In a TPR action, the best interest of the child is the paramount consideration.  Doe v. Baby Boy Roe, 353 S.C. 576, 578 S.E.2d 733 (Ct. App. 2003).  Before parental rights may be irrevocably terminated, the State must prove the alleged grounds for termination by clear and convincing evidence.  Richberg v. Dawson, 278 S.C. 356, 296 S.E.2d 338 (1982); South Carolina Dep’t of Soc. Servs. V. Parker, 336 S.C. 248, 519 S.E.2d 351 (Ct. App. 1999). 

On appeal in a TPR action, an appellate court has the authority to review the entire record to make its own factual findings and to determine whether the grounds for termination are supported by clear and convincing evidence.  South Carolina Dep’t of Soc. Servs. v. Cummings, 345 S.C. 288, 547 S.E.2d 506 (Ct. App. 2001).  This broad scope of review, however, does not require the appellate court to disregard the findings of the family court, which was in a better position to evaluate the credibility of the witnesses and to assign comparative weight to their testimony.  Hardy v. Gunter, 353 S.C. 128, 577 S.E.2d 231 (Ct. App. 2003).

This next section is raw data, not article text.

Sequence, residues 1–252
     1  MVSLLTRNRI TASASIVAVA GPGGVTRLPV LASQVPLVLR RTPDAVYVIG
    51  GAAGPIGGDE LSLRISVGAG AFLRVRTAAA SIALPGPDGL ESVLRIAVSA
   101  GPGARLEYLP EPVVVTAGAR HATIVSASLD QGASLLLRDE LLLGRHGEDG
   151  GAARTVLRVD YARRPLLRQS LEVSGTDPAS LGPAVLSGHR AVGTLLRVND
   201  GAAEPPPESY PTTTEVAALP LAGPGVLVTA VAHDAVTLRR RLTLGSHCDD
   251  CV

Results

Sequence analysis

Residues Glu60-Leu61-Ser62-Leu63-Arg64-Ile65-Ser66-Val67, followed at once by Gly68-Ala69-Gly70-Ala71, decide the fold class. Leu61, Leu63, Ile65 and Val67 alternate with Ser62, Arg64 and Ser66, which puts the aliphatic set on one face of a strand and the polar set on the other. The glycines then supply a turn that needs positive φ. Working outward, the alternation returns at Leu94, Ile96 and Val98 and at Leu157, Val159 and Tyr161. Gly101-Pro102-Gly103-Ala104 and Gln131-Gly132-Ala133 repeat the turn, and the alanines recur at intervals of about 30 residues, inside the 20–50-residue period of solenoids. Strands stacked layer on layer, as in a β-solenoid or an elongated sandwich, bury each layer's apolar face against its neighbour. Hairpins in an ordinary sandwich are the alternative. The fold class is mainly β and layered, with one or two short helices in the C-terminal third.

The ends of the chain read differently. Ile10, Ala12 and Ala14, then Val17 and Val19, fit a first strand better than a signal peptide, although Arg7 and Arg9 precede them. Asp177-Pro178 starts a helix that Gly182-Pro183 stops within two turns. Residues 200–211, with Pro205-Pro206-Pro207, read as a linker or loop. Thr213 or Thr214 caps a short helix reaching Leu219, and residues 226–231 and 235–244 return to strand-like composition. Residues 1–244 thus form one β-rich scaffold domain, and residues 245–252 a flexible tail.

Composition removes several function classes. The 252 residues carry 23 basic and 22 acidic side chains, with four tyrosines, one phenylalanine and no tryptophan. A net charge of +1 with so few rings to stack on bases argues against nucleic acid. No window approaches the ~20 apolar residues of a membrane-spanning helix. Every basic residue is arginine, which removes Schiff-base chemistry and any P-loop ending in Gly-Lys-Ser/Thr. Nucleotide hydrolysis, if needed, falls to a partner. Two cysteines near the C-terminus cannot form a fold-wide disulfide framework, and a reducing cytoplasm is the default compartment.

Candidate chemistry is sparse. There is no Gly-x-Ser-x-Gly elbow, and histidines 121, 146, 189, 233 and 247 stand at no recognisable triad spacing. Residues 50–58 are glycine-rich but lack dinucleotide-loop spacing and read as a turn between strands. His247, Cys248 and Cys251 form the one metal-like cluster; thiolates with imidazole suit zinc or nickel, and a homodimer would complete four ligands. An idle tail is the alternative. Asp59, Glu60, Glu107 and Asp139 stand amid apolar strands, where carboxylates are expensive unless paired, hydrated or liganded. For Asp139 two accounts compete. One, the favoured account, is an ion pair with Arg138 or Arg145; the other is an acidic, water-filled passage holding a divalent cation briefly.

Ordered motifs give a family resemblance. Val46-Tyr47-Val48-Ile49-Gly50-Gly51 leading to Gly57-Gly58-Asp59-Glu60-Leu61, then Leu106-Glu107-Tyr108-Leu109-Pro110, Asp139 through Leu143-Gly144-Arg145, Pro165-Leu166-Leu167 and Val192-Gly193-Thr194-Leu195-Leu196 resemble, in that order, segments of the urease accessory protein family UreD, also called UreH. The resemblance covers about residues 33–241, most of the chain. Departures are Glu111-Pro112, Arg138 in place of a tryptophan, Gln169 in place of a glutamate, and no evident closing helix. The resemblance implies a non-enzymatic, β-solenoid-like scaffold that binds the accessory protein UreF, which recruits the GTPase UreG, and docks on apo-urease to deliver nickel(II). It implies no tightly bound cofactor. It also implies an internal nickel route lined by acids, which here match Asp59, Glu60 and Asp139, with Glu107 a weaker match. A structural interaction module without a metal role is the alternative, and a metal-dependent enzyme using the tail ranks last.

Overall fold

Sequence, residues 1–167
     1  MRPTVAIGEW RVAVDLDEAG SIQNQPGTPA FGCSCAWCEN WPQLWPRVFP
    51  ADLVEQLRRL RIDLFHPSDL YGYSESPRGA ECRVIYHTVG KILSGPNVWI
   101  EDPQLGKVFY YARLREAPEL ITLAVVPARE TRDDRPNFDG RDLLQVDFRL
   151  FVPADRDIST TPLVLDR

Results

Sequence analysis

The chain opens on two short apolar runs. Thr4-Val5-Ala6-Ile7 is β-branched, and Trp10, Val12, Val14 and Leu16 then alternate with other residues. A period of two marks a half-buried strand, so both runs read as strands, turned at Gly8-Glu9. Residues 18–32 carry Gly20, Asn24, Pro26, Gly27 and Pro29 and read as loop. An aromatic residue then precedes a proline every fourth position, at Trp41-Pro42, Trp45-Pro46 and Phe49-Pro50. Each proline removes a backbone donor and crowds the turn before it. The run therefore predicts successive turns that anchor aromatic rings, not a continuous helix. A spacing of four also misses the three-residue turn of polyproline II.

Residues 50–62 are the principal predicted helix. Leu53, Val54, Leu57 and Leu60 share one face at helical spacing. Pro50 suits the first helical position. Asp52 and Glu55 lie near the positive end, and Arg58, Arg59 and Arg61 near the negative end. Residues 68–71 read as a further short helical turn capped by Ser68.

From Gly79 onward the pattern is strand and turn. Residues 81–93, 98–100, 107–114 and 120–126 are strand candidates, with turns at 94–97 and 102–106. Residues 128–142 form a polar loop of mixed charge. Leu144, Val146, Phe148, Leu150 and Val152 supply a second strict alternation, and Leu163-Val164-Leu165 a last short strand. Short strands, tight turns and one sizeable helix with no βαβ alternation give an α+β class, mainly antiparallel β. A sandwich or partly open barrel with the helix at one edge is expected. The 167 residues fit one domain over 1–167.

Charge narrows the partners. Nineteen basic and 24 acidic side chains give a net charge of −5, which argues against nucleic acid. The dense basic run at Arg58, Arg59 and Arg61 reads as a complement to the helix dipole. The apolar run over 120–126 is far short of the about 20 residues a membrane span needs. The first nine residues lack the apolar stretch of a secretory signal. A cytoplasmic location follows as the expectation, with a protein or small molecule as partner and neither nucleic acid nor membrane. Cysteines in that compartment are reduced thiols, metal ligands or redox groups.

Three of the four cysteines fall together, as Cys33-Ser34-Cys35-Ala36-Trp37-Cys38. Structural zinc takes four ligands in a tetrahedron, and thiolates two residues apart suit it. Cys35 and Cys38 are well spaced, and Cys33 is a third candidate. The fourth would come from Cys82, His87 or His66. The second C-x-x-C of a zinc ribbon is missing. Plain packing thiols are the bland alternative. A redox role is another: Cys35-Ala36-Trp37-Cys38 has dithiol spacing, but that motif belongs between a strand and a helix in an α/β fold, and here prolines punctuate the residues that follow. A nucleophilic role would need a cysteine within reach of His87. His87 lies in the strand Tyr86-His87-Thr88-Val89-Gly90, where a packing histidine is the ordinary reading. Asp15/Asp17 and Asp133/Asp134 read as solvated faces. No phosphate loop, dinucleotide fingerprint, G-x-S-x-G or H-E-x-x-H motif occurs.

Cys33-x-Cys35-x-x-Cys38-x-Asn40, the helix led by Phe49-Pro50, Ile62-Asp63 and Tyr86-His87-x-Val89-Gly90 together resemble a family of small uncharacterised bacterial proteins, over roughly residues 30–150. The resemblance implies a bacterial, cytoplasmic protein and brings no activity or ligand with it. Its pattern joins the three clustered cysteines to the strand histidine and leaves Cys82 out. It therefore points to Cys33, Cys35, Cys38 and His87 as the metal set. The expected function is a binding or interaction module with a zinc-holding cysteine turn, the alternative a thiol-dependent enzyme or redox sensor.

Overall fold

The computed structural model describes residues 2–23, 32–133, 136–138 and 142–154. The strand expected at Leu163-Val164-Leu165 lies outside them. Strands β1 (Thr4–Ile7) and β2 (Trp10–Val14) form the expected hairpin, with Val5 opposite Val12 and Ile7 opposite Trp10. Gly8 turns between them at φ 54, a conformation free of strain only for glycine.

I.  Expert Testimony

Mother initially argues the family court erred in qualifying Sam Tipton as an expert witness and in attaching any weight to his testimony.  We disagree.

“To qualify as an expert, a person must have acquired by study or practical experience a special knowledge of a subject matter about which the [fact-finder’s] good judgment and average knowledge is inadequate.”  Manning v. City of Columbia, 297 S.C. 451, 453-54, 377 S.E.2d 335, 337 (1989).  The qualification of expert witnesses and the admissibility of their opinions are matters resting within the sound discretion of the trial court.  Id. at 453, 377 S.E.2d at 336-37.  On appeal, we will not disturb the trial court’s ruling in the absence of an abuse of that discretion and a showing of prejudice.  Strange v. South Carolina Dep’t of Hwys. & Pub. Transp., 307 S.C. 161, 414 S.E.2d 138 (1992).